So what’s behind the change in approach? There are probably a number of reasons, but chief among them is the appointment and subsequent leadership of Roy Hodgson, a well-respected and quintessentially English gentleman who has tested international management pedigree, eschews outrageous comments, and is highly unlikely to be cavorting around the nightclubs of Piccadilly with women that are not his wife. In the eyes of some, Hodgson may be a safe and unadventurous choice to lead England, but he is admired world-wide for his ability to teach, organize, and help average teams punch well above their weight. In many ways it is a sensible hire because, even to the most zealous England fan among us, in the sphere of world football we are little more than an average team.
There is a sense of defensive discipline and solidity about all Hodgson teams and having Joe Hart, England’s best goalkeeper for many years, behind a likely back four of Ashley Cole, John Terry, Gary Cahill, and Glen Johnson should make them hard to score against. The striking options of Andy Carroll, Danny Welbeck, Jermain Defoe and eventually, Wayne Rooney offer a combination of size and mobility, but how best to configure them before Rooney returns for the third game will be a tricky decision. Hodgson has the option of attacking wide with pace through Theo Walcott, Ashley Young, and Alex Oxlade-Chamberlain and while the thought of them running at defenders may quicken the pulse, the anticipated sight of hopelessly out-of form Stewart Downing does not.
England’s fortunes will probably turn on the performance of a fragile and somewhat under-manned midfield. Scott Parker and Steven Gerrard seem obvious choices to start, but both have been injury-prone and Hodgson must now also compensate for the losses of Gareth Barry and Frank Lampard which could mean a deeper-lying role for Gerrard. If Hodgson employs a 4-4-1-1 system it is conceivable that Young would be deployed as the withdrawn striker but given Gerrard’s penchant for running all over the place (a euphemistically nice way of saying “lack of tactical discipline”) it could leave Parker with a lot of work to do in a holding role. If Gerrard gets the second striker role it may create an opportunity for Phil Jones or James Milner. Hodgson is a big believer in team shape so finding a way to play Gerrard within a strict framework will be critical.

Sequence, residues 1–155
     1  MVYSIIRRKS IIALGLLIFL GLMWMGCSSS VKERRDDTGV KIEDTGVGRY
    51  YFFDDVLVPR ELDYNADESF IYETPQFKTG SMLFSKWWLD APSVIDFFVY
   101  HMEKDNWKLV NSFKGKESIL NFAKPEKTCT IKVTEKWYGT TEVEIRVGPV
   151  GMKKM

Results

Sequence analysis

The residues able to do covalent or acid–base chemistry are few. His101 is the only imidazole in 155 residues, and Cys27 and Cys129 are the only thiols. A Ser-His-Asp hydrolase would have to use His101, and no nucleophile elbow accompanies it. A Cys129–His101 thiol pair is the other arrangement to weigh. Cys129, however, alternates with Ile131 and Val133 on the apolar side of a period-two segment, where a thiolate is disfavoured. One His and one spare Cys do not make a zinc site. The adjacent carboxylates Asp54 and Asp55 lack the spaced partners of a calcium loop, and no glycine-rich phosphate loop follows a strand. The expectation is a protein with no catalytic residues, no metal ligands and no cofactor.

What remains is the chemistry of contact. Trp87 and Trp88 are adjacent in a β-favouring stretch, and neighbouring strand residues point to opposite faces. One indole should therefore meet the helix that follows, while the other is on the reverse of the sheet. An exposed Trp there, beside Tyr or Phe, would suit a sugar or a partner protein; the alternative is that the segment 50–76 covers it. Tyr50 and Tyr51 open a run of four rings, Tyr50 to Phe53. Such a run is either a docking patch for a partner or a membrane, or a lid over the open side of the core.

Next up will be Sweden and if past experience is anything to go by England will find a way to grind out a win against a team that can be good on its day, but lacks sufficient quality to go far. Likely result: England 2-1
The final group game will see the introduction of Wayne Rooney to the competition and it will be a welcome boost for England against the hosts who, although they don’t have a great team, will be energized and tough to beat. This could be a wide open game and although I’d like to see an England win I anticipate a tie. Likely result: 2-2
A win and two ties should see them through to the knockout stages and that is where the trip through the rabbit hole typically begins for England. If they can pick up momentum from the return of Rooney and can keep their key midfielders healthy, they can possibly fight their way to the semi-finals, but even the most die-hard England fan wouldn’t dare hope for much more.
It would be a wonderful irony if, after years of bullish flag-waving and unfulfilled dreams in previous tournaments, this understated group, damned by faint expectations, were to finally shock the world and actually live up to their potential.
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